Simply put, urban legends are modern folktales. Passed on initially by word of mouth and nearly always second or third hand - "A friend of a friend told me"! Very often they are anecdotes that have a surprise climax, sometimes amusing and sometimes pointing towards a moral or a truth.
Most of these tales turn out to be just invention. They sound quite plausible enough in the telling and are therefore spread more quickly. Frequently, they appear as add-ons to spectacular events in the news.
Several sprang up in the aftermath of the September 11th. Twin Towers tragedy in New York - "The face of the Devil was seen in the smoke!", "One man escaped by abseiling down the building as it collapsed!" and so on. Stories are then built around the supposed incident to add substance and authenticity and there you have an urban legend in the making.
A good tale well told with recognisable locations added in can very easily be accepted as being true. Ghost stories often fall into this category. People tend to be naturally superstitious and all too ready to believe a storyteller who insists that his tale is true because, "My uncle or grandmother said it happened to them!". After all, he wouldn't lie about that - would he?!
There are a couple of good books full of these stories,
one of the world's leading experts on the subject
and author of the best selling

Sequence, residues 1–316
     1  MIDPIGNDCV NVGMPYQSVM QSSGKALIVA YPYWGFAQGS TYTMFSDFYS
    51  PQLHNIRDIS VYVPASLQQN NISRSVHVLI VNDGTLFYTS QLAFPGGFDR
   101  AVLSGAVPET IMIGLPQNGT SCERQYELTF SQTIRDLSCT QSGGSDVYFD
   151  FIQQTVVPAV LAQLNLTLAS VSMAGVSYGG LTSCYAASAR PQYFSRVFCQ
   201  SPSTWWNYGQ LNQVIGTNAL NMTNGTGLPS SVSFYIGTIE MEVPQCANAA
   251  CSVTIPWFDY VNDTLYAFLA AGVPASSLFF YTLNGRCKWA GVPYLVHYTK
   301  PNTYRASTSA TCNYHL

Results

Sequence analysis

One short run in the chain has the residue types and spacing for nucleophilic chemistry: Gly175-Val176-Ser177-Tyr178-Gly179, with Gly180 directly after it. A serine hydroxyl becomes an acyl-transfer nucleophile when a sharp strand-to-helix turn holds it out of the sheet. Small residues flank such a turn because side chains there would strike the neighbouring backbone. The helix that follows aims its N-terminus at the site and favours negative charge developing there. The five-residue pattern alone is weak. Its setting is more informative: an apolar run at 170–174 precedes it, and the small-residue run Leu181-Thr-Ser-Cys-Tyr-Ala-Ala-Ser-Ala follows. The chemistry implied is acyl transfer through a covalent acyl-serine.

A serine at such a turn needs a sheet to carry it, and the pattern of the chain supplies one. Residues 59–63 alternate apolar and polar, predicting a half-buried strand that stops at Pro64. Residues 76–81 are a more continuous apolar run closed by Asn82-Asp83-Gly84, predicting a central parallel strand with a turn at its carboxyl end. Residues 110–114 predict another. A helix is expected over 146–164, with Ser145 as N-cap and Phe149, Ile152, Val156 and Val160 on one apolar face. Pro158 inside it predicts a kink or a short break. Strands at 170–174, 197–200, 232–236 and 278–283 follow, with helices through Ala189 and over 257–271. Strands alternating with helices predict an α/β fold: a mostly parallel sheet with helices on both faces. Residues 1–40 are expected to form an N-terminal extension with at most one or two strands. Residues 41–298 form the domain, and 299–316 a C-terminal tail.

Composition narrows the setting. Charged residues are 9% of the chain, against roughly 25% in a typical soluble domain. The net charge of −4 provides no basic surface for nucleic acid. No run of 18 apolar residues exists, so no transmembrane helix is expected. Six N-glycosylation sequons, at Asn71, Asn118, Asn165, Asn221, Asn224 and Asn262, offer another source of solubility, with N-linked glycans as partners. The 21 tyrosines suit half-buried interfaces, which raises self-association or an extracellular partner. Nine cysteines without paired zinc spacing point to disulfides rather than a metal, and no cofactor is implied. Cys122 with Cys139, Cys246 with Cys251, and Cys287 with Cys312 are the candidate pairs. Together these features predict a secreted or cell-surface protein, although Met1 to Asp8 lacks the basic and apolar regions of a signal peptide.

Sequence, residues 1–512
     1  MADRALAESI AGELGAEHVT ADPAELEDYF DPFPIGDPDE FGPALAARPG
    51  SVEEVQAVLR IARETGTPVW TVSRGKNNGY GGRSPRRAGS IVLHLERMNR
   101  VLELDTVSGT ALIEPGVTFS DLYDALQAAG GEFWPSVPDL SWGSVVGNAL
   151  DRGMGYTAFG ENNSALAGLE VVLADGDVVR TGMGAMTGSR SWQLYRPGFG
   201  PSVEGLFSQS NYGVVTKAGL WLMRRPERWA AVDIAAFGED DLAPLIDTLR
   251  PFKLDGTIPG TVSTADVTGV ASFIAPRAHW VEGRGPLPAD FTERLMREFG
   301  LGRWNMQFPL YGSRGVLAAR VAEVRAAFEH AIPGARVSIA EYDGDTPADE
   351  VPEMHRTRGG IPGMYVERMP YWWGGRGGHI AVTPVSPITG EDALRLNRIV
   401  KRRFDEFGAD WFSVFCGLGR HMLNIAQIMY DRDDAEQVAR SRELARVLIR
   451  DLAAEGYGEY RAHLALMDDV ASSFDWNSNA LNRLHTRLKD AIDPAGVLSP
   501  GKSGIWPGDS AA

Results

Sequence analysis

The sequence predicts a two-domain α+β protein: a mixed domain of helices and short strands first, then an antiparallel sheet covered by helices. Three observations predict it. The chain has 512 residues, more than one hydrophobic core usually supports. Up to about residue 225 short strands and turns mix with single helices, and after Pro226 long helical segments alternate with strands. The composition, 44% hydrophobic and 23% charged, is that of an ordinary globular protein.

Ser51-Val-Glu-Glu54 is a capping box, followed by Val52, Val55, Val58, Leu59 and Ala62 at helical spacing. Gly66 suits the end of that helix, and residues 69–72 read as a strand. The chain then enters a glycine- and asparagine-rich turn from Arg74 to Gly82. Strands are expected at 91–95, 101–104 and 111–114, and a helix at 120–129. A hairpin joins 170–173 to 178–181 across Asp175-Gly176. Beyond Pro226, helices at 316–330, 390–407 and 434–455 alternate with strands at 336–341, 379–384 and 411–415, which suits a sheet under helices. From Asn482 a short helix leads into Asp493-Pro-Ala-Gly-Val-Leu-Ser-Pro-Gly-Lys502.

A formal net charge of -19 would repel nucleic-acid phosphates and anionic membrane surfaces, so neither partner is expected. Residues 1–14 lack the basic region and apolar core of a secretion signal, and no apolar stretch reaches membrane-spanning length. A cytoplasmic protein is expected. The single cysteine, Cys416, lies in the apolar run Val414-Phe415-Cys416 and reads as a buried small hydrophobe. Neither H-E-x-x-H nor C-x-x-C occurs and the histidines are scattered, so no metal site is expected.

Of course, the internet itself is one of the best places to find 'URBAN LEGENDS'. Here are two of the better
sites that you might like to check out..but come right back!!!.... we've got loads more to tell you...
CREATING YOUR OWN COLLECTION
You can of course create your own collection of these tales by studying newspapers and magazines - unusual stories appear everyday in the press.
In addition to the big news items of political goings-on, bank rate fluctuations and the latest sporting news; there are lots of other 'human' stories of personal bravery and eccentricity. Local newspapers are full of such tales. Readers Digest and similar publications often carry stories and amusing anecdotes that you can add to your collection.
Here is a story that we picked up in 2001 in the Manchester edition of "The
Daily Mail" (A UK National Newspaper). We think it qualifies and could become a
Here's another story we discoverd over twenty years ago